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Vol. XXII
No. 2
Cover
March/April
2006

In This Issue

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A Legislative Review of 2005

Two new Supreme Court justices, the War on Terror, and hurricane relief have dominated the headlines over the last 12 months. But what about the rights and interests of homeschoolers? A glance back at 2005 reveals that Home School Legal Defense Association's National Center for Home Education has quietly accomplished several significant victories on behalf of the homeschool community.

Introduction of HONDA
In 2005, Congresswoman Marilyn Musgrave (CO) and Senator Larry Craig (ID) introduced the same version of the Homeschool Non-Discrimination Act (HONDA) in the House and the Senate, respectively. Drafted by HSLDA, HONDA would correct seven areas of federal law that discriminate against or regularly hinder the rights of homeschoolers. Presently, both bills are in committee and we look forward to continuing the refining process in 2006. Even though HONDA may not pass as stand-alone legislation, HSLDA has successfully incorporated some of its language into several other federal bills that address areas of concern for homeschoolers.

Fair treatment for homeschooled military recruits
In late 2005, a homeschool military amendment (part of the HONDA legislation) was introduced by Senator Rick Santorum (PA) and passed on the Senate floor. While the Department of Defense (DoD) issued an internal memo in January 2005 giving homeschool graduates preferred enlistment status in the military, there was no way to guarantee that this policy would remain in place after the current presidential administration leaves office.

Furthermore, the DoD directive was not being uniformly followed across all military branches-some recruiters were even ignoring it completely. Under the Santorum Amendment, the DoD must give homeschoolers preferred enlistment, have a specific enlistment policy for homeschooled students, implement this policy uniformly throughout all four branches of the military, and not require a high school diploma as a requisite for entrance into the military. HSLDA will be working closely with the DoD to ensure that the regulations put in place remain homeschool-friendly.

Ending harassment of families under IDEA
Parental rights suffered a serious setback in December 2004 when the Individuals with Disabilities Education Act (IDEA) Conference Committee removed an important provision that HSLDA had worked to include in the House IDEA bill. This language would have given homeschooling parents with special needs children the right to reject a public school evaluation of their child.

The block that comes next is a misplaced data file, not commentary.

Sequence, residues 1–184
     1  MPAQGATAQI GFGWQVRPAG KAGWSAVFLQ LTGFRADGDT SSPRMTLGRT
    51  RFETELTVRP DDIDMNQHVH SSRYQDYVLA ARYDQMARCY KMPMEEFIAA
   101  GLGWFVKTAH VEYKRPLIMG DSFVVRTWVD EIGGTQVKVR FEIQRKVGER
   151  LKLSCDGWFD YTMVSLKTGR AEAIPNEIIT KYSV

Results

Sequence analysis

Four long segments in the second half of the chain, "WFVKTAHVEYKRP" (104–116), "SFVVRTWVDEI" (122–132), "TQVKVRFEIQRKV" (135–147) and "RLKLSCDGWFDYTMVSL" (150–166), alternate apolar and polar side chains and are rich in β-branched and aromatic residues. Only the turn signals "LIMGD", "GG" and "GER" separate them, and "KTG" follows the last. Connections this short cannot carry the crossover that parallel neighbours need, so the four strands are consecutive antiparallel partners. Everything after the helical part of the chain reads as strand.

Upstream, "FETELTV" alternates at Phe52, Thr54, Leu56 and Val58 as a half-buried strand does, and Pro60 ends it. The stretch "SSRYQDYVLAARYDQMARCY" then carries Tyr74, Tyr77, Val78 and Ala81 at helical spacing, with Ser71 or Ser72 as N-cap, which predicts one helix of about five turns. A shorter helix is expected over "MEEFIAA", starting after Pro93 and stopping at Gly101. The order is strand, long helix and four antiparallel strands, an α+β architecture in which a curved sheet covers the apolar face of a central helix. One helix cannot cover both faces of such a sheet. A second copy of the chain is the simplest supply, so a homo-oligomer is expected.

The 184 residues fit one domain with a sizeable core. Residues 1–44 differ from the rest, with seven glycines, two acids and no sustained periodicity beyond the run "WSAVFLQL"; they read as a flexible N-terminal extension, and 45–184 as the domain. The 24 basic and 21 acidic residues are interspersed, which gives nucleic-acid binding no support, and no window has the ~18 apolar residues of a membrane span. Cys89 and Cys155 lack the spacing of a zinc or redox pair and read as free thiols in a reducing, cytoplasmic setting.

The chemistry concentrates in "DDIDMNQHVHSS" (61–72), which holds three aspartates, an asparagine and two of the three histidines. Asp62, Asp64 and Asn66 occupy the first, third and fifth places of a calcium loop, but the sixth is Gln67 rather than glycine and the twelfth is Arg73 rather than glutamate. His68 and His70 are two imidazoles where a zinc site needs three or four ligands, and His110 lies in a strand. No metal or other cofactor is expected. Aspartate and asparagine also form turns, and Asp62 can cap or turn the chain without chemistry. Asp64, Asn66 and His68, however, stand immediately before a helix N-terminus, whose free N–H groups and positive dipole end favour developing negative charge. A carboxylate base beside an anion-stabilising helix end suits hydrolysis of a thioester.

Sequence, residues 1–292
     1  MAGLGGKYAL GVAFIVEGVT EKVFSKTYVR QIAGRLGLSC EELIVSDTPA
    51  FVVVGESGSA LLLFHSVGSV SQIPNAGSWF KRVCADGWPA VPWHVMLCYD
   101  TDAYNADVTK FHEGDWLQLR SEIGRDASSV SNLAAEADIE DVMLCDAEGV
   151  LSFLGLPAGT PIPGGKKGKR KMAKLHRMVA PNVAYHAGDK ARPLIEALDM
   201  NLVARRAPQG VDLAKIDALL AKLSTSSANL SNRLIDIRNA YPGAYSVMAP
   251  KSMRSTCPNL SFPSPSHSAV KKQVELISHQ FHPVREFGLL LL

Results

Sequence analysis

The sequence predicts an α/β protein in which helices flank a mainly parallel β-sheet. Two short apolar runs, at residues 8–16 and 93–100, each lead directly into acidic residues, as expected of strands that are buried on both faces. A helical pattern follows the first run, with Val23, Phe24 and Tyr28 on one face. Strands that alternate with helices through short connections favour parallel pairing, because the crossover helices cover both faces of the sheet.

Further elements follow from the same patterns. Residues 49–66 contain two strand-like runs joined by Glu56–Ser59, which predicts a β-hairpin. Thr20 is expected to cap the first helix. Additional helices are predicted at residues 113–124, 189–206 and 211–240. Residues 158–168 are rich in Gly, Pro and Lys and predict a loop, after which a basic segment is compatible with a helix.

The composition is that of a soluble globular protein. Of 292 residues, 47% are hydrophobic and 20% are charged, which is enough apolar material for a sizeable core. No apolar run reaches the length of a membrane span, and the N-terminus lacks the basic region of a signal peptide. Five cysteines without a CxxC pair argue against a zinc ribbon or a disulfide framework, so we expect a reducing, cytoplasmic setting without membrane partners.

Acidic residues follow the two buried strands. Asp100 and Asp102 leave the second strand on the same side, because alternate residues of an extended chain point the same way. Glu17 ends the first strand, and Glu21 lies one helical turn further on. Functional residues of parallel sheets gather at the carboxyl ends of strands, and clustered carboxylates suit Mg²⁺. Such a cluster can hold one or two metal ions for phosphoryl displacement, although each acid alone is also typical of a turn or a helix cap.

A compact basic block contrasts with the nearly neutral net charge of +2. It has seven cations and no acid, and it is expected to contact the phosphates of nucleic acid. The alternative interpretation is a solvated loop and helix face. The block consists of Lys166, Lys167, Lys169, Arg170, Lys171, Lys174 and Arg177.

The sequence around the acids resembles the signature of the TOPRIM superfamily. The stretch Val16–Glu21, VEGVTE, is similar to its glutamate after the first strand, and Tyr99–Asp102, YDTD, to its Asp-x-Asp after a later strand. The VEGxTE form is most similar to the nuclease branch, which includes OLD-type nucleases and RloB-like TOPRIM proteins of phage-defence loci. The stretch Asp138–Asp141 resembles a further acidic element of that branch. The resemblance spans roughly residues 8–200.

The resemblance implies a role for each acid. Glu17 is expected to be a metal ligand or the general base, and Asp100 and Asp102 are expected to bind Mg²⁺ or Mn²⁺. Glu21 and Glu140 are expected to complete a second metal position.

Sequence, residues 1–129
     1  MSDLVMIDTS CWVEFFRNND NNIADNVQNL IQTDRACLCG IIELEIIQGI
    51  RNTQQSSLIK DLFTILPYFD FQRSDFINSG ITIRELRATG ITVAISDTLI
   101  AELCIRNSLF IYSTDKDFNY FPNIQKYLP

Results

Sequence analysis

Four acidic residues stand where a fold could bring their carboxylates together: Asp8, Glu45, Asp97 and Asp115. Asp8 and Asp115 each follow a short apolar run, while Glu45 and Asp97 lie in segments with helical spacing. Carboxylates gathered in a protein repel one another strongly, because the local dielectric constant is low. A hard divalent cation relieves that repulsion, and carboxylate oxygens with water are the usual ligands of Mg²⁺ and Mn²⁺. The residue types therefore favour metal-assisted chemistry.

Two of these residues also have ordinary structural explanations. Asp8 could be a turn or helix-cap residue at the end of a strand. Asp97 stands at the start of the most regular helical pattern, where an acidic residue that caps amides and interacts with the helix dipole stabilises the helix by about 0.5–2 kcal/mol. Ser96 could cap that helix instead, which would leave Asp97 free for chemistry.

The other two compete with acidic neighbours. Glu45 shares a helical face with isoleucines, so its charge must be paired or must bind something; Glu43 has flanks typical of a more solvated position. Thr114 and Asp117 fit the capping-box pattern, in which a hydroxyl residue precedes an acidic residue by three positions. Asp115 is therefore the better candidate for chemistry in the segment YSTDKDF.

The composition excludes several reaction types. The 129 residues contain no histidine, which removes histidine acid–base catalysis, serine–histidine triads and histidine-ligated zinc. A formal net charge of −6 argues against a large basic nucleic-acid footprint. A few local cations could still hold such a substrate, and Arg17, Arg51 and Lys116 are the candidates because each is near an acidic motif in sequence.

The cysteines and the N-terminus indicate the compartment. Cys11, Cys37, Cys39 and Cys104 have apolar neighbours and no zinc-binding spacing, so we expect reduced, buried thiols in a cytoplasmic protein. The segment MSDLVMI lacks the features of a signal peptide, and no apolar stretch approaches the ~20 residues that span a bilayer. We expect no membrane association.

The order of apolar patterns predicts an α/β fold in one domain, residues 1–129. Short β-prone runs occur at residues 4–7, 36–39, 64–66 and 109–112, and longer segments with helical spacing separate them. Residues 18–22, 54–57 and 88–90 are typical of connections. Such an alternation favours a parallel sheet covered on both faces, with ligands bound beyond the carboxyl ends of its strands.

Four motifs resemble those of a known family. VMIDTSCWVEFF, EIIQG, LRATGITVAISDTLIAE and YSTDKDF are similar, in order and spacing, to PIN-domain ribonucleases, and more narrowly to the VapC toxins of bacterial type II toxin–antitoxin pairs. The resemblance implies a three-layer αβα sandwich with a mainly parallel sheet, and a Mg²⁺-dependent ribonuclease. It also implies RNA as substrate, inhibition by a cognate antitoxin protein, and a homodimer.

The National Center staff immediately began working closely with the writers responsible for incorporating the legislation into U.S. Department of Education regulations. What emerged was homeschool-friendly language allowing parents of homeschool and private school students to refuse an evaluation if they are not receiving public educational services. This solution would not have been possible if hundreds of homeschool students and families had not responded to HSLDA's email alerts requesting that feedback be sent to the Department of Education during the public comment period. Your efforts played a large role in the final pro-parental rights wording of the regulations.

Victory over Byrd Scholarship discrimination
For many years, homeschool graduates were not eligible for the prestigious Byrd Scholarship, a federal college grant reserved for those performing in the top one percent of students. During the reauthorization of the Higher Education Act, HSLDA worked with several congressional offices, writing an amendment that would allow homeschooled students to compete for the scholarship. After extensive lobbying, Senator Robert Byrd (WV) approved the amendment, stating that he did not want homeschoolers to miss out on this scholarship opportunity.

More higher education success
In the same bill containing the favorable Byrd Scholarship language, HSLDA was able to include language assuring colleges that they will not lose their federal financial aid status if they admit homeschool graduates. This issue underwent a temporary fix during the Clinton administration through HSLDA's work with the Department of Education. With the passage of the new language in the higher education legislation, homeschoolers have solidified this position. Future administrations will be unable to reinterpret the law to exclude homeschoolers from college admission on the grounds that those colleges could lose federal financial aid.

Battles in Congress for 2006
This year, we would like to see three other sections of HONDA achieve the same success as their counterparts: homeschool access to Coverdell Education Savings Accounts, privacy protection for homeschoolers' publicly held educational records, and clarification of labor laws to allow homeschooled students to work during the day.